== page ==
Accolades[edit]

List of awards and nominations
Award Category Recipients and nominees Result
ALMA Awards[25] Outstanding Actress - Motion Picture Cameron Diaz Nominated
Irish Film & Television Awards[25] Best International Actress (People's Choice) Kate Winslet Nominated
NRJ Ciné Awards[25] Meilleur baiser ("Best Kiss") Cameron Diaz
Jude Law
Nominated
Teen Choice Awards[25] Choice Movie: Chick Flick N/A Won
Choice Movie: Hissy Fit Cameron Diaz Nominated

Soundtrack[edit]

The Holiday
Soundtrack album by Hans Zimmer, Heitor Pereira, various artists
Released January 9, 2007
Genre Film soundtrack
Length 48:12
Label Varèse Sarabande
Producer Hans Zimmer, Nancy Meyers, Robert Townson

The official soundtrack contains music by various artists, Heitor Pereira and Hans Zimmer, and is released on the Varèse Sarabande label.

  1. "Maestro" by Hans Zimmer - 3:53
  2. "Iris and Jasper" by Hans Zimmer and Lorne Balfe - 3:24
  3. "Kayak for One" by Ryeland Allison - 1:30
  4. "Zero" by Hans Zimmer and Atli Örvarsson - 2:44
  5. "Dream Kitchen" by Hans Zimmer and Henry Jackman - 1:35
  6. "Separate Vacations" by Hans Zimmer, Lorne Balfe and Imogen Heap - 1:47
  7. "Anything Can Happen" by Hans Zimmer and Heitor Pereira - 0:48
  8. "Light My Fire" by Hans Zimmer - 1:14
  9. "Definitely Unexpected" by Hans Zimmer and Lorne Balfe - 3:34
  10. "If I Wanted To Call You" by Hans Zimmer and Atli Örvarsson - 1:50
  11. "Roadside Rhapsody" by Hans Zimmer and Henry Jackman - 1:39
  12. "Busy Guy" by Hans Zimmer and Henry Jackman - 1:28
  13. "For Nancy" by Hans Zimmer, Atli Orvarsson and Lorne Balfe - 1:27
  14. "It's Complicated" by Hans Zimmer and Imogen Heap - 1:00
  15. "Kiss Goodbye" by Heitor Pereira and Herb Alpert - 2:33
  16. "Verso E Prosa" by Heitor Pereira - 1:59
  17. "Meu Passado" by Hans Zimmer, Henry Jackman and Lorne Balfe - 1:25
  18. "The 'Cowch'" by Hans Zimmer, Heitor Pereira, Lorne Balfe and Imogen Heap - 2:42
  19. "Three Musketeers" by Hans Zimmer, Heitor Pereira, Lorne Balfe and Imogen Heap - 2:44
  20. "Christmas Surprise" by Hans Zimmer and Lorne Balfe - 2:32
  21. "Gumption" by Hans Zimmer, Atli Orvarsson and Henry Jackman - 3:45
  22. "Cry" by Hans Zimmer, Lorne Balfe and Heitor Pereira - 2:39
  23. "It's a Shame" by the Spinners
  24. "You Send Me" by Aretha Franklin
  • In the video rental store, Miles (Jack Black) sings the theme tune of Driving Miss Daisy by "Hans". Hans Zimmer also composed and produced the score for The Holiday. Jack Black later spoofed the movie in Be Kind Rewind.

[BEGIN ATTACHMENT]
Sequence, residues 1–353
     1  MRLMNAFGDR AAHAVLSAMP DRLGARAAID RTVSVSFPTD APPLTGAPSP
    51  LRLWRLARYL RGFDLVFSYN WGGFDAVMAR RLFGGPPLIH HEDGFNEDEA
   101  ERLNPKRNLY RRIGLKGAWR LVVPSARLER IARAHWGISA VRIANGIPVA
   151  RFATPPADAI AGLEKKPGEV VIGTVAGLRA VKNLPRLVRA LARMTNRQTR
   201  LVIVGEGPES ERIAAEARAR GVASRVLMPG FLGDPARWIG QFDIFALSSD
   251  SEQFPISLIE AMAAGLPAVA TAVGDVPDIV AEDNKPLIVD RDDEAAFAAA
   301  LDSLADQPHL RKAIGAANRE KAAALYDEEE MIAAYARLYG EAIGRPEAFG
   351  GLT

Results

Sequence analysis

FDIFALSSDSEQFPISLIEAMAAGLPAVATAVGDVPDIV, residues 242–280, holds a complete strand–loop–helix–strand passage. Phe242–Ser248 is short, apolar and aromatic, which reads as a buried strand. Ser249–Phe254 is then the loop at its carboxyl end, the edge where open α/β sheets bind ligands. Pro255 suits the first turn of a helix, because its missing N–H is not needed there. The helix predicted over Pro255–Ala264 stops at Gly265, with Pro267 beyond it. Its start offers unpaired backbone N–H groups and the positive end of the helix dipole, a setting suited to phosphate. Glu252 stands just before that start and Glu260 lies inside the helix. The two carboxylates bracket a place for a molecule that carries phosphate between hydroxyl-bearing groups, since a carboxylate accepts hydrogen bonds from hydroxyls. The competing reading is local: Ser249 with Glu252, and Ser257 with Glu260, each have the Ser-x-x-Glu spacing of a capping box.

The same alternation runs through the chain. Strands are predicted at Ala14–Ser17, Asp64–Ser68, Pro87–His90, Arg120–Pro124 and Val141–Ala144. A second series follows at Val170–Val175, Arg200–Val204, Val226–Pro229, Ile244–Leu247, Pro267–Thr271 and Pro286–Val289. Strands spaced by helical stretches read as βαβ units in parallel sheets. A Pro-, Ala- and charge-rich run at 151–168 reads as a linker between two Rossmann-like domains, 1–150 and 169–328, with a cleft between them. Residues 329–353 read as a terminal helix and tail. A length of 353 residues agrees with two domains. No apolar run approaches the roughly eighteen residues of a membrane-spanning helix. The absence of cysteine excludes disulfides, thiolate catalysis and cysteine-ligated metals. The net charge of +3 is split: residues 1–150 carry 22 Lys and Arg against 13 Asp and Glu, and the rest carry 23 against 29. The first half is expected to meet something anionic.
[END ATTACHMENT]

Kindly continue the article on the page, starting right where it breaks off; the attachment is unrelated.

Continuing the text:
• According to a radio interview on BBC Radio 1, the song "Kill the Director" by The Wombats was written about this film. From the lyrics "this is no Bridget Jones" and according to the radio interview, they hated the film, and hence decided to write a song about it.[citation needed]

See also[edit]

References[edit]

  1. ^ a b c d "The Holiday (2006)". Box Office Mojo. Amazon.com. Retrieved 2010-10-21. 
  2. ^ "The Holiday Reviews, Pictures". Rotten Tomatoes. Flixster. Retrieved 2010-10-21. 
  3. ^ a b c "The Holiday (2006)". The-Numbers.com. Retrieved 2009-02-07. 
  4. ^ a b c d Robert, Sheila (2006-12-05). "Cameron Diaz Interview, The Holiday". MoviesOnline.ca. Retrieved 2010-12-03. 
  5. ^ a b Carnevale, Rob. "The Holiday - Cameron Diaz Interview". indieLONDON. IndieLondon.co.uk. Retrieved 2010-12-01. 
  6. ^ a b "The Holiday - Cameron Diaz interview". IndieLondon. 2006-12-05. Retrieved 2013-12-25. 
  7. ^ a b c Brevet, Brad (2006-12-05). "Chatting The Holiday With Nancy Meyers". RopeOfSilicon.com. Retrieved 2010-12-03. 
  8. ^ a b c Kirschling, Gregory (2007-12-05). "The Conversation: Kate Winslet and Nancy Meyers". Entertainment Weekly. Time Inc. Retrieved 2010-12-01. 
  9. ^ Murray, Rebecca. "Kate Winslet Discusses The Holiday". About.com. About.com. Retrieved 2010-12-01. 
  10. ^ a b c "The Holiday". Hollywood One-One. YouTube. Retrieved 2010-12-02. 
  11. ^ Carnevale, Rob. "The Holiday - Nancy Meyers Interview". indieLONDON. IndieLondon.co.uk. Retrieved 2010-12-01. 
  12. ^ a b c Foley, Jack. "The Holiday - Jack Black Interview". indieLONDON. IndieLondon.co.uk. Retrieved 2010-12-01. 
  13. ^ Brevet, Brad. "An Interview With Jack Black on 'Holiday'". RopeofSilicon.com. Retrieved 2013-12-01. 
  14. ^ Foley, Jack. "The Holiday - Jack Black Interview". 
  15. ^ a b c d e "Long Distance Relationships & Locations". SonyPictures.com. Retrieved 2010-12-05. 
  16. ^ Knegt, Peter (2009-12-04). "B.O. of the '00s: The Top Grossing Female Helmed Films". Indiewire. Retrieved 2010-10-21. 
  17. ^ "The Holiday Reviews, Pictures (2006)". Rotten Tomatoes. Flixster. Retrieved 2010-10-21. 
  18. ^ The Holiday at Metacritic
  19. ^ Puig, Claudia (December 7, 2006). "'Holiday' makes for a sappy but pleasant ride". USA Today. Retrieved October 1, 2012. 
  20. ^ Chocano, Carina (December 8, 2006). "A cheerful 'Holiday'". Los Angeles Times. Retrieved December 28, 2013. 
  21. ^ Reed, Rex (December 8, 2006). "Apocalypt-Ow! Mel’s Messy Mayan Movie". The New York Observer. Retrieved December 28, 2013. 
  22. ^ Schwarzbaum, Lisa (December 15, 2006). "The Holiday (2006)". Entertainment Weekly. Retrieved December 15, 2013. 
  23. ^ Chang, Justin (November 30, 2006). "The Holiday (2006)". Variety. Penske Media Corporation. Retrieved December 15, 2013. 
  24. ^ Stein, Ruth (December 8, 2006). "Creativity takes a 'Holiday' in house-swap romance". San Francisco Chronicle. Retrieved December 8, 2013. 
  25. ^ a b c d "Awards". IMDb. Retrieved January 17, 2013. 

External links[edit]